v. 10. But thou hast fully known my doctrine, manner of life, purpose, faith, longsuffering, charity, patience,
v. 11. persecutions, afflictions, which came unto me at Antioch, at Iconium, at Lystra, what persecutions I endured; but out of them all the Lord delivered me.
v. 12. Yea, and all that will live godly in Christ Jesus shall suffer persecution.
v. 13. But evil men and seducers shall wax worse and worse, deceiving and being deceived.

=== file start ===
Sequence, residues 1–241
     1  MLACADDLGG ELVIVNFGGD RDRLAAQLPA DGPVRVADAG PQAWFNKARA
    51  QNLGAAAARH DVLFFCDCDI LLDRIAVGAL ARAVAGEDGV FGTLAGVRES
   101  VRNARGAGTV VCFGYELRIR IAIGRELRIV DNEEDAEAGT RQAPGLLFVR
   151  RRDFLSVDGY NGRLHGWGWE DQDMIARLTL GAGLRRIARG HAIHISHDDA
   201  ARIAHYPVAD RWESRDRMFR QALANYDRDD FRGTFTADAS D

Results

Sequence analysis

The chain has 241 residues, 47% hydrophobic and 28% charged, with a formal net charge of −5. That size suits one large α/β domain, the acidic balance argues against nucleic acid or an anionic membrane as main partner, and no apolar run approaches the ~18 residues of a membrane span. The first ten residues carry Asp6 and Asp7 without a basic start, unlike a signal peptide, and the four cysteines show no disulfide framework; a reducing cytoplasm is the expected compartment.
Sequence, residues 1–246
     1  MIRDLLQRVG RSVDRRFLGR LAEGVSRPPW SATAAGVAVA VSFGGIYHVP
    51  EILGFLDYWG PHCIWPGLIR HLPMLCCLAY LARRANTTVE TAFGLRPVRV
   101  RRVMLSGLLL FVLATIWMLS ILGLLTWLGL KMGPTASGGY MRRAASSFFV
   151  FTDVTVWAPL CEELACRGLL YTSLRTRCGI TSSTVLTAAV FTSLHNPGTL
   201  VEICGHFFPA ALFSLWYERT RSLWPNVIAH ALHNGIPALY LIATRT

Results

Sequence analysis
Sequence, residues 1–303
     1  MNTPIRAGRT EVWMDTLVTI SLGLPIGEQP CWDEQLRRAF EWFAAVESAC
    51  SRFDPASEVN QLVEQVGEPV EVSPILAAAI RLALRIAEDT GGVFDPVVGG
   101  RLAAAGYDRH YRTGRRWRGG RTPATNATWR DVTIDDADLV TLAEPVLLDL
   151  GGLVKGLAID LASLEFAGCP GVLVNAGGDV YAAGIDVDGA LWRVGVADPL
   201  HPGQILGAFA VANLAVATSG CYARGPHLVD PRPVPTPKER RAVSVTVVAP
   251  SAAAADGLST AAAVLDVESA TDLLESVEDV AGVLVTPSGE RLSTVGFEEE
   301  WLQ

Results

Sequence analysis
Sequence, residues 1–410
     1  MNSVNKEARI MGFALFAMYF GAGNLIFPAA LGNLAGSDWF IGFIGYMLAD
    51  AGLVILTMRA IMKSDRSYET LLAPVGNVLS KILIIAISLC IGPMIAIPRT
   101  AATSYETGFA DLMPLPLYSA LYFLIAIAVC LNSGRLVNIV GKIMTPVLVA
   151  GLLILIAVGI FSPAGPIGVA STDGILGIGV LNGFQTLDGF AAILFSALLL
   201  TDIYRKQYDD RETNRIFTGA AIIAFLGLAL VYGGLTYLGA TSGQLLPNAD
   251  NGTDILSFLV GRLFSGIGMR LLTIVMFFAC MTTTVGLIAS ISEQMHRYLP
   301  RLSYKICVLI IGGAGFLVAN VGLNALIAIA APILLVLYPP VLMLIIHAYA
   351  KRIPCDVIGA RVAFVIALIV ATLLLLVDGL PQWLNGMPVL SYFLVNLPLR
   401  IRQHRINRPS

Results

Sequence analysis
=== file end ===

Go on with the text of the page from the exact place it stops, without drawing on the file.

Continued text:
The apostle here, by way of contrast to the preceding paragraph, describes the manner of conduct which should characterize all true servants of the Lord: But thou hast carefully followed my doctrine, manner of living, aim, faith, steadfastness, love, patience. Paul commends Timothy for choosing him as an example after which he might model his own life. He had made Paul his type, and he had conformed his life to that type, having thus been approved in the foremost virtues of a Christian teacher. He had preached the Christian doctrine just as it had been transmitted to him by Paul, knowing this doctrine to be the Word of God. He had followed Paul's manner of living, copying the tact which the great apostle showed in the various situations that confronted him. He had made use of Paul's example also in his aims and purposes, in the clear-cut manner in which he brought out the object of his office. For that reason he also made use of proper faithfulness, which is the external manifestation of the faith of the heart. With this there was combined long-suffering or steadfastness in working, even where the Lord does not bless the work with immediate visible success. The exercise of this virtue naturally demands a rich fund of love, both toward Christ on the basis of His wonderful redemption and toward one's neighbors near and far, as people that are included in the salvation of the Lord. And this love, in turn, teaches the right patience, even in the midst of suffering and tribulation, which is always associated with the preaching of the Gospel. With respect to all these virtues Timothy had conformed his conduct to that of his teacher, having followed the example of Paul. This recital reminds the apostle of several occasions upon which he was strongly in need of a number of these virtues: (Thou hast followed) the persecutions, the sufferings, all that happened to me in Antioch, in Iconium, in Lystra, what persecutions I endured; and out of them all the Lord delivered me. It seems that the sufferings of the early years of Paul's ministry, of his first missionary journey, made an exceptionally deep impression upon him. It was in and near the home of Timothy that these afflictions and tribulations had come upon him, Act_13:45-52; Act_14:1-19. The greatness and intensity of these early sufferings had made an ineffaceable impression upon his memory; he would always think of Antioch, of Iconium, of Lystra as the cities in which he had been taught steadfastness, patience, long-suffering. It is not for the sake of his own praise that Paul makes mention of all these matters, but rather for the sake of voicing his praise and thanksgiving to God, who had delivered him so wonderfully, tearing him out of the midst of all these dangers. See 1Co_10:13. The thought that is implied is this: Timothy had had evidence enough that the Lord had never forsaken His apostle, even in the midst of the greatest perils; therefore he should not hesitate for even one moment to continue as the Lord's minister. This comforting thought is brought out directly in the next verse: Yes, and all that want to live piously in Christ Jesus will suffer persecution. That is a general truth, which finds its application at all times. In case he should be called upon to bear his measure of tribulation, Timothy was to remember that his was not an unusual, a singular experience. All men that are really disciples, followers of Christ, and are eager to live a life of godliness in Christ, through the power which He imparts, all believers that give evidence of their faith in Christ in a life that accords with the will of God, must bear also the cross of Christ. Their life affording such a strong contrast to that of the unbelievers, the latter naturally feel that they suffer by the comparison, and resent the implication in a corresponding manner. So they give evidence of their disapproval, of their hatred, in various persecutions, in making life as miserable as possible for the Christians. This fact was prophesied by Christ, Joh_16:1-4, and therefore His disciples expect nothing else. They take their cross upon themselves daily and follow Him. At the same time the enemies of Christ persist in their godless behavior: But evil men and seducers make continual progress in evil, deceiving and being deceived. By the exposure of their wickedness, of which the apostle spoke in v. 9, the wickedness is not removed from the world. Such men will rather continue with all the greater energy their attempt to lead others astray. Whenever they find a Christian that is weak in faith, they try to seduce him into misbelief, despair, and other great shame and vice. But by this persistence in their wickedness the enemies of Christ prepare for themselves the greater damnation. In the same measure that they make progress in all vices and continually devise new methods of leading people astray, they themselves sink down into perdition. It is their own fault if they find themselves, in the end, suffering the punishment of hell. Thus also the judgment that will eventually strike wicked men is a source of comfort to the believers.